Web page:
She was 80 years old and she lived on her own in what was once a mansion, but was now a pale shadow of what it once was. June Evans’s mansion had succumbed to the elements in what was, as far as I could determine, a relatively short time – 5 years or so was my guess. The encroaching bush had surrounded that once proud English home, blocking all view of it from the nearby road. The access track to June’s place, a good 200 meters long, once plied by the cars of many visitors, especially in summer, had become a quiet lane. The descent from Social Queen to Hermit Lady had been as rapid as it was pitiless. How quickly the life of wealth and privilege had vanished and like in a classic English novel, left her as a recluse who needed to watch her every cent.
For a while, it was a mystery to me how she and her husband John had managed to squander their once considerable fortune.
The only thing I knew was that she needed every dollar she could get.
I first met June in early 2016, after I placed an advertisement on the online site seeking accommodation for the following summer on the coast south of Adelaide. Anya and I were due to fly to Europe and we wanted to arrange a place to stay near the sea for when we came back to Adelaide in November. We were keen ocean swimmers and to be in Adelaide during the summer meant: swimming.
I didn’t get any reactions to my add. I’d pretty much given up hope of arranging accommodation for the following summer when one day, I got a call from a well-spoken, elderly, English woman. She said she lived not far from a very long stretch of beach – Sellicks Beach – and had a dwelling she wanted to rent out which she referred to as ‘The Barn’. She told me it had a TV set, air conditioning, a dish washer and a stove. Sellicks Beach was a bit remote – 50 kilometres from Adelaide – but Anya and I knew that it was an excellent swimming beach. So we arranged a time to go out to June’s place.
We were in for quite a surprise.
Before Anya and I went out there, we imagined a house among many others hugging the coast. We got a number for a road called Button Road. We caught a bus out there, got down and followed Button Road towards the coast. It was a dirt road. There was wide open grazing land on one side and vineyards on the other. Nearing the coast, we couldn’t find the number or see any signs of a house. We turned back and walked to the intersection where we had got off the bus. Then we noticed that on the other side of the intersection, Button Road continued – as an asphalt road which rose gently upwards. Where ever this old lady lived, it was good distance away from the beach.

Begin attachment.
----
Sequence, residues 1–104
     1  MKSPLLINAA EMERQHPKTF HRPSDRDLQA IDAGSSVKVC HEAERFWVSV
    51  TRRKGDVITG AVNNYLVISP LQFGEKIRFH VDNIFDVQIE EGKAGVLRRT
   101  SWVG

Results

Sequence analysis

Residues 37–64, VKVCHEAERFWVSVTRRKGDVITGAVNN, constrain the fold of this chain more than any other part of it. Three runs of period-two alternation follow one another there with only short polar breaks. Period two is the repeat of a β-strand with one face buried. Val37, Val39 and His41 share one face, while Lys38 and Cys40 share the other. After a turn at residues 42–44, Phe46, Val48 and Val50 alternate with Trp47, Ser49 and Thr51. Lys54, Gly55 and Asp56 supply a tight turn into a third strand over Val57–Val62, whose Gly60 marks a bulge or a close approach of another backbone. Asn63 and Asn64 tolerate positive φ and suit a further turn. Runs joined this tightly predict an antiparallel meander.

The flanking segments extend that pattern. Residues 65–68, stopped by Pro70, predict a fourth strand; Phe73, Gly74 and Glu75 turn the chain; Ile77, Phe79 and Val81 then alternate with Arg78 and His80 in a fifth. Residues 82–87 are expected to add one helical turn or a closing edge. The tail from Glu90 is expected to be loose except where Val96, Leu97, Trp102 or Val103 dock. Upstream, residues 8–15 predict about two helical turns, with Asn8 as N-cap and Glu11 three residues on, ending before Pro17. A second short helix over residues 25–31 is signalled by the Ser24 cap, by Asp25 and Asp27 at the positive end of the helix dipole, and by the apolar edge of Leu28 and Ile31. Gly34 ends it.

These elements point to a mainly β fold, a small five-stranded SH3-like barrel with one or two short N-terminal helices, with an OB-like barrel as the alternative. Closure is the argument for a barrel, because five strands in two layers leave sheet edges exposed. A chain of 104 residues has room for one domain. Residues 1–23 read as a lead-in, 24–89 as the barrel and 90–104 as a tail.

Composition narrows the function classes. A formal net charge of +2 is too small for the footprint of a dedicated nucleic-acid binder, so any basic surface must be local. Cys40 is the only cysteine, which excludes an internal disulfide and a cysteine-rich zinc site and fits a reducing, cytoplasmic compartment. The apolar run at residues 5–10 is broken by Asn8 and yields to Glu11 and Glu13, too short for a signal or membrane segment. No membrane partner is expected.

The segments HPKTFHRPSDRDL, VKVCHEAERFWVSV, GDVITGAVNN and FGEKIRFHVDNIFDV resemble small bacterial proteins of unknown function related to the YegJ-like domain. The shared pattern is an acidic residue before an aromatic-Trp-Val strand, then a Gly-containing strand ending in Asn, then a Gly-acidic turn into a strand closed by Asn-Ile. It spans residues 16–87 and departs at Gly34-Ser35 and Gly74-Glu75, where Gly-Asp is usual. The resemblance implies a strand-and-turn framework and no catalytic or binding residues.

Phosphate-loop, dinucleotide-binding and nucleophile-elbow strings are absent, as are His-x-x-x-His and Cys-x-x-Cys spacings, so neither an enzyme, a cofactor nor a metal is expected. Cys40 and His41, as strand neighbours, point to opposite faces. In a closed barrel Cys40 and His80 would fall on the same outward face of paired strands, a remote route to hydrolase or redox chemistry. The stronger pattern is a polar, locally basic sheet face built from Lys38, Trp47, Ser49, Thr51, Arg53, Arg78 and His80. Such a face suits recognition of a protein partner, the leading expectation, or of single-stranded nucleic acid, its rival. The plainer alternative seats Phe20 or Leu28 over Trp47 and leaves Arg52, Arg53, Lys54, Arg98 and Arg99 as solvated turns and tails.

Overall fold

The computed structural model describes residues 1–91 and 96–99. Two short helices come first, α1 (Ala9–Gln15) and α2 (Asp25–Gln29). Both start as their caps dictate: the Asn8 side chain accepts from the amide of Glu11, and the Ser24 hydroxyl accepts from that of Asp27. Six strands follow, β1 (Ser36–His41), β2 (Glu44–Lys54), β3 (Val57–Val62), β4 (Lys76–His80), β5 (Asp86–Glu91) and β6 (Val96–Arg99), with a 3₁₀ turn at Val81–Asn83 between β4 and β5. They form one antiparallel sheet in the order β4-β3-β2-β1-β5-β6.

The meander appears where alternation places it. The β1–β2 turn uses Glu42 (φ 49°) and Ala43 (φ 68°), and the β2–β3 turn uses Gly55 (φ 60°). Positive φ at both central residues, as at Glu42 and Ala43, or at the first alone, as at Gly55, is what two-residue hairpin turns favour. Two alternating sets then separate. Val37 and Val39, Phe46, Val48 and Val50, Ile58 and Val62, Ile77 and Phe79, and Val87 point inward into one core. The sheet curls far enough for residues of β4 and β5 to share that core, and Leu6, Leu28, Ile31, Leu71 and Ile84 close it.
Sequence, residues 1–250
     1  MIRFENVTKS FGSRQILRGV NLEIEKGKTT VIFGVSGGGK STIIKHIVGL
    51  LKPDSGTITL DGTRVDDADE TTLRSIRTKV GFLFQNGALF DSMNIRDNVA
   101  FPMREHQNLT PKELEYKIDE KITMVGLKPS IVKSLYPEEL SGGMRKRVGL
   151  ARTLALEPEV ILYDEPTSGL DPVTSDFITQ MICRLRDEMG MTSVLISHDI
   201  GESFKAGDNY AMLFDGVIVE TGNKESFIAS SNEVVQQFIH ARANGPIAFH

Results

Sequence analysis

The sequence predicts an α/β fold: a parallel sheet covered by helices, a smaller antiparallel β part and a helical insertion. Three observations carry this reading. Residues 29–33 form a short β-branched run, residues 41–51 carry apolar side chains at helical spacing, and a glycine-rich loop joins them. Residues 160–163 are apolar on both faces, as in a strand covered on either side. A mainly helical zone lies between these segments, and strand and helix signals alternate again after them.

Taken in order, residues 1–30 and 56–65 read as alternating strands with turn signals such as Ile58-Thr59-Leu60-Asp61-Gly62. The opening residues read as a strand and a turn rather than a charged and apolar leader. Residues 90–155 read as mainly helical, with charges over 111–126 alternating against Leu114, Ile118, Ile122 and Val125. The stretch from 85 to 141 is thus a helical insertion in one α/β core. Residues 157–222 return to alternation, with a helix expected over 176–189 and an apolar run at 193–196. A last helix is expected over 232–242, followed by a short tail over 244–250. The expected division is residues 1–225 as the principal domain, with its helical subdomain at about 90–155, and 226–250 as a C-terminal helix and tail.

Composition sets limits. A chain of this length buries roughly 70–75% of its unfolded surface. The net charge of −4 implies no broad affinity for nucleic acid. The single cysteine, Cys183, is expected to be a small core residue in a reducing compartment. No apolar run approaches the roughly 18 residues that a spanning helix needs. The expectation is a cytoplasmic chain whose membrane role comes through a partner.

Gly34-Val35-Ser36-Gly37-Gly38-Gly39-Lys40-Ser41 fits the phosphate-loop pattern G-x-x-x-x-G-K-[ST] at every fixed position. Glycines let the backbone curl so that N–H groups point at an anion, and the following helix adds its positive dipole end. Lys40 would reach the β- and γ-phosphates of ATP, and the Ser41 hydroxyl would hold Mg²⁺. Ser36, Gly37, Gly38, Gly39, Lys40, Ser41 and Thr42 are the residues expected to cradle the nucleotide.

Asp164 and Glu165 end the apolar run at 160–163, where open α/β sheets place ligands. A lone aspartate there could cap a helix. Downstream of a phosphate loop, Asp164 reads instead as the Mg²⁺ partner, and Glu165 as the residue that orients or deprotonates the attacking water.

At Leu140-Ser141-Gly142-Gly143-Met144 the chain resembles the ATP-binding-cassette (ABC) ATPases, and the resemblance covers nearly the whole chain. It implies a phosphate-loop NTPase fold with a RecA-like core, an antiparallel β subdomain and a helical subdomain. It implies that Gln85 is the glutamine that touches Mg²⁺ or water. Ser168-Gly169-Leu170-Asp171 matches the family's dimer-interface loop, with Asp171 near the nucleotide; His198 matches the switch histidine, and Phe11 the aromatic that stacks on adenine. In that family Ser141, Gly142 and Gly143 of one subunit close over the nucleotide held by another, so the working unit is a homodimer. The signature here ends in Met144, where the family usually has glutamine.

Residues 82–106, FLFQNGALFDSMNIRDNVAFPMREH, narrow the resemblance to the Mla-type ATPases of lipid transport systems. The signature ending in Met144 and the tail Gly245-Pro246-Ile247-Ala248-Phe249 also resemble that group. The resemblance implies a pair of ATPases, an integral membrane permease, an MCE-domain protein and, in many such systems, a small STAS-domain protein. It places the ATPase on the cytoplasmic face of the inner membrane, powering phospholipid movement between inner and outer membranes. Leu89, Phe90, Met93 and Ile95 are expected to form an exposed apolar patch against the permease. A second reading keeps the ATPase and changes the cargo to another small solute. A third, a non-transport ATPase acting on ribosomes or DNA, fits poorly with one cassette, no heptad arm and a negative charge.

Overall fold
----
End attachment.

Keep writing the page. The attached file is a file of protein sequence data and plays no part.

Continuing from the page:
Walking up the asphalt road, we finally saw a number on a wooden board at the edge of the road; but finding her place was something else again. There was no house to be seen. Looking along the road, there was a wall of bush. We phoned June and asked her for directions.
Following a narrow track which wound its way among trees and high grass, we wondered where we were going. The sounds of native birds filled the air. Finally, we reached the end of the track and came to an open area on the right of which was a rundown, off-white, two-story house built in a Spanish style; there was an inbuilt garage housing a beaten-up old Mercedes car. Along the edges of the walls were areas of dead, yellow grass, dotted with all sorts of strange detritus: an old wooden ladder, window frames, coiled up rope, broken wooden chairs – and so on. On our left was a view of flat, open paddocks, dotted with bales of hay and covered in yellow stubble. A short distance in front of us was ‘The Barn’: it was an off-white building with a red-tiled roof and had a large almond tree in front of it.
One thing was sure, this place was isolated.
A breeze whistled through the trees.
There was no one around.
Where was June?
We walked along the side of June’s house. It was bizarre.
One didn’t need to look around too much to detect an atmosphere of decline, of lost glory, almost as if one was inspecting the ruins of ancient empire. There was a tennis court, its undulating surface covered in a thick mat of pine needles; nearby were rotting tables and chairs, marble statues hidden among overgrown palms and stained by the elements; a dilapidated sun room crammed with all sorts of junk. The house was behind a high wall and along the wall, were more piles of disused objects and high grass.